Review round-up: Australian women writers – Erotica and erotic romance

Review round-up: Australian women writers – Erotica and erotic romance

To kick-off #AWW2012, I thought I’d post a list of reviews we’ve previously posted for books written by Australian women. I’ve included a short except from each review to give you an idea of what we thought of each book.

If you’re on Twitter, I’ll also be retweeting links to these reviews because, in the era of e-publishing, there’s no reason why you can’t grab a copy of their books and try them yourself! Click here for a full list of our #AWW2012 reviews.

Remastering Jerna by Ann SomervilleRemastering Jerna by Ann Somerville (romantic elements)

If, like me, you’re frustrated by the lack emotional depth in many BDSM romances, I’d strongly recommend this book. Forget about any ick factors—if this book doesn’t help you see past those, I’m not sure anything will. The plot and characters are carefully developed, and the book’s underpinning ideas of consent, submission, domination and, to some extent, love are explored from different perspectives, giving the story layers of meaning that I don’t feel I could fully appreciate from just the one read. This is definitely a keeper.

Photo Opportunity by Jess Dee (Tanner Siblings, Book 1)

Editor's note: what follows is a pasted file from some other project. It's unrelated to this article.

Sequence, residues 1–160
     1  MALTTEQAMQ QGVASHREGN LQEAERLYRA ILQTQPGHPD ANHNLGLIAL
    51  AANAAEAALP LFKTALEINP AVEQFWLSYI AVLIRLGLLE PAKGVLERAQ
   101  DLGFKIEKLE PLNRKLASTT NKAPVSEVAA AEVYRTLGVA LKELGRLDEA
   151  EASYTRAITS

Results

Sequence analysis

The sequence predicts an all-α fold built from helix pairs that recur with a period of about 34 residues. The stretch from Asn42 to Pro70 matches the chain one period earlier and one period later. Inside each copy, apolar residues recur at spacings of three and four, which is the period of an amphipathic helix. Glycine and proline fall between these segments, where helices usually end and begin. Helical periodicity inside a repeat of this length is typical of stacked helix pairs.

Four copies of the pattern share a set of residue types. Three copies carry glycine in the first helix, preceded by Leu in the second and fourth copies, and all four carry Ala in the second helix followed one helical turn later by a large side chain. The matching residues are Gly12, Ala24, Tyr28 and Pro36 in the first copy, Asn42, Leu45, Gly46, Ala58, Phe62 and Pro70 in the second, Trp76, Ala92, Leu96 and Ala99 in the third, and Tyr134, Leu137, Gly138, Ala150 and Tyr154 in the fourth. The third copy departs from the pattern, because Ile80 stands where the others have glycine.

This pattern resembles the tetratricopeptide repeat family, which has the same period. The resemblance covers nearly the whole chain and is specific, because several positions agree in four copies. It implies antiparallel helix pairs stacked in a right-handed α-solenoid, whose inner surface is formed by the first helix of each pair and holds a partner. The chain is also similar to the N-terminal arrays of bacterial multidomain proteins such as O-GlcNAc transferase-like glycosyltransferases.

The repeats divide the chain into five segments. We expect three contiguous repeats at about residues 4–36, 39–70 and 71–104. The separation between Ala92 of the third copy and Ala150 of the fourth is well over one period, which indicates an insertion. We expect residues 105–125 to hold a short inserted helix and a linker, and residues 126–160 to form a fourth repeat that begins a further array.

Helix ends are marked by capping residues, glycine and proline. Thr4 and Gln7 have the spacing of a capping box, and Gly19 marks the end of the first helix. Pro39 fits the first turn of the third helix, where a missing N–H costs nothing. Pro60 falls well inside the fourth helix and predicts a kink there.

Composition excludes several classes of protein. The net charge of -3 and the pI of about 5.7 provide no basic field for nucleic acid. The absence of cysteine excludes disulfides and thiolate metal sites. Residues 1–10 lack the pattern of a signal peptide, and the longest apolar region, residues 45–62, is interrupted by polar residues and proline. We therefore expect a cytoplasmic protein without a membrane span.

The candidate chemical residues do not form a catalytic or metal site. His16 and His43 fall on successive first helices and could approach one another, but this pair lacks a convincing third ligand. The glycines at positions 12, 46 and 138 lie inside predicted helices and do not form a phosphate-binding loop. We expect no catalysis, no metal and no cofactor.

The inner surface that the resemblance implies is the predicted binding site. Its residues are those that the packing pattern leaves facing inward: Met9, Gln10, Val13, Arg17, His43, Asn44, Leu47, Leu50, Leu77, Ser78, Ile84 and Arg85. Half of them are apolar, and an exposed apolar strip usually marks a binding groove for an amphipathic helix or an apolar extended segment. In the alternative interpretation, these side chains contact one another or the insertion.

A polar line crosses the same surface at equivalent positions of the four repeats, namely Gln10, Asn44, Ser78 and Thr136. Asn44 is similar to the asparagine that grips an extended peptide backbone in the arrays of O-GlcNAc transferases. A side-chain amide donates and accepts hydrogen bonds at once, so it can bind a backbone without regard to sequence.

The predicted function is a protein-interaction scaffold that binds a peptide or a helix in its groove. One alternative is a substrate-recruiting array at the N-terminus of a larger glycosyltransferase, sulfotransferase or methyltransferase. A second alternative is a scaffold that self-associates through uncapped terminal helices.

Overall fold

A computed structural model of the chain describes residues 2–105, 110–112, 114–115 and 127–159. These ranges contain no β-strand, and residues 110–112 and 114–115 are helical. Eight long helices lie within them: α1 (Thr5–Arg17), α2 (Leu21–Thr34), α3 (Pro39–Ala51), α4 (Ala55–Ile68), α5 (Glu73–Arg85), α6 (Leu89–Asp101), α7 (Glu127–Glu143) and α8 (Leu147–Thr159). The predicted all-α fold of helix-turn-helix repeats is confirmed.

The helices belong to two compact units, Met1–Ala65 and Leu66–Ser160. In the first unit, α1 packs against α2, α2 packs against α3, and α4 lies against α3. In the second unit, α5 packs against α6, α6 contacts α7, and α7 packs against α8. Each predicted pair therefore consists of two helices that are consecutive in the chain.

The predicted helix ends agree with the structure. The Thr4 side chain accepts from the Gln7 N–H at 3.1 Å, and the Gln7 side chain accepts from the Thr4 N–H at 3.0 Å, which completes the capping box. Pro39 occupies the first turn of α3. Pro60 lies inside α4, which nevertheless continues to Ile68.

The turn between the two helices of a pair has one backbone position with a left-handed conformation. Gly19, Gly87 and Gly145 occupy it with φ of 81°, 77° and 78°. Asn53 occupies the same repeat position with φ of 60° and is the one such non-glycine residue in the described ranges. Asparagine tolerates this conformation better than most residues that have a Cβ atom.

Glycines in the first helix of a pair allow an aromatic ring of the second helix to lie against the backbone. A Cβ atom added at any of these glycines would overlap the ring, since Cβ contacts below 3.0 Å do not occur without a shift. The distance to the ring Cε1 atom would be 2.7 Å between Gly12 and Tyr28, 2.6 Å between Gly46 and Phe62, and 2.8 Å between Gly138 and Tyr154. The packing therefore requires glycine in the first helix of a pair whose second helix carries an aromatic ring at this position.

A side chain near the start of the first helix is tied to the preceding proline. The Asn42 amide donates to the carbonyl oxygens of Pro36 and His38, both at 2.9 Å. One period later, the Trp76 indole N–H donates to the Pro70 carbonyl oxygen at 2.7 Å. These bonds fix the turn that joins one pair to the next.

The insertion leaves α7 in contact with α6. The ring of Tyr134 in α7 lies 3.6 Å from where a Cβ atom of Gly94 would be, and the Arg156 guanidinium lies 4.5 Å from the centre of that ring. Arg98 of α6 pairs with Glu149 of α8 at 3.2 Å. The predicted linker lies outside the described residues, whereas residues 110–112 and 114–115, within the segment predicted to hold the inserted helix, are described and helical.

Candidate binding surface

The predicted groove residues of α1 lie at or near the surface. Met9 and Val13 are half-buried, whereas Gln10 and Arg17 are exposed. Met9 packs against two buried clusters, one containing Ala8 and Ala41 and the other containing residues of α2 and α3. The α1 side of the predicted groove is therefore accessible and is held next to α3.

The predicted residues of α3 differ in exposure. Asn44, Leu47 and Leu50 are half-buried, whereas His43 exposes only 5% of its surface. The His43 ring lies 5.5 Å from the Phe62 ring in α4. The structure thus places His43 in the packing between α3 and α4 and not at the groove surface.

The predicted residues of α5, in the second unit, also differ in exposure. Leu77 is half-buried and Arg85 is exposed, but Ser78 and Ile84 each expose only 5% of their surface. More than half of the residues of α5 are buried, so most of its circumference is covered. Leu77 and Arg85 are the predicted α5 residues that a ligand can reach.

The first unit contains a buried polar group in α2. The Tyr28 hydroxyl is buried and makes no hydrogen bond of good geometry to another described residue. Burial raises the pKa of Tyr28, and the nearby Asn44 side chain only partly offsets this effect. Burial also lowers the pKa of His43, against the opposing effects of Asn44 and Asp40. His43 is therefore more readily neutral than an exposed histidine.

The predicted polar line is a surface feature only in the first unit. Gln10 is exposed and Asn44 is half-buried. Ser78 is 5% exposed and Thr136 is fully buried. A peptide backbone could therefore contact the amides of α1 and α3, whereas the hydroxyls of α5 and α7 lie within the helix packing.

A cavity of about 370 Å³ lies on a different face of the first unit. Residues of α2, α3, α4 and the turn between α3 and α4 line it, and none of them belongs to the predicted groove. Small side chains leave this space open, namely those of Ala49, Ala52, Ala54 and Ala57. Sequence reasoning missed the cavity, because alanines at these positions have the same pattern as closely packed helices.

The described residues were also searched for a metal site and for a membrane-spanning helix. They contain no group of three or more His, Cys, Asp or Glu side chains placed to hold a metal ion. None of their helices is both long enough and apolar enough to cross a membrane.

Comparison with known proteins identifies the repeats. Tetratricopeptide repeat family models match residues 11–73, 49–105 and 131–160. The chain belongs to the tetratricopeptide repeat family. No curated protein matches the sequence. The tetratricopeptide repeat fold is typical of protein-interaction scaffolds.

Photo Opportunity by Jess Dee (erotic romance)

As an erotic romance, the sex is explicit but not acrobatic. And thank goodness for that! In fact, this book breaks the number one rule* for erotic romance because there’s no buttsecks to be found. For that alone, I’m glad I picked this book up. Yet in the absence of any real emotional resonance, the sex scenes at times felt disconnected from the story.

Triptych by Krissy Kneen

Triptych by Krissy Kneen

Kneen writes beautifully, and she lures the reader into these stories that read like they should be easy and acceptable and lovely. Too late, you realise you’re trapped in this quagmire of difficult questions around the ethics, maybe even the morality, of sexual desire in its (as society sees it) extremes, of love and its boundaries and constraints, and of consent.

What do you think?

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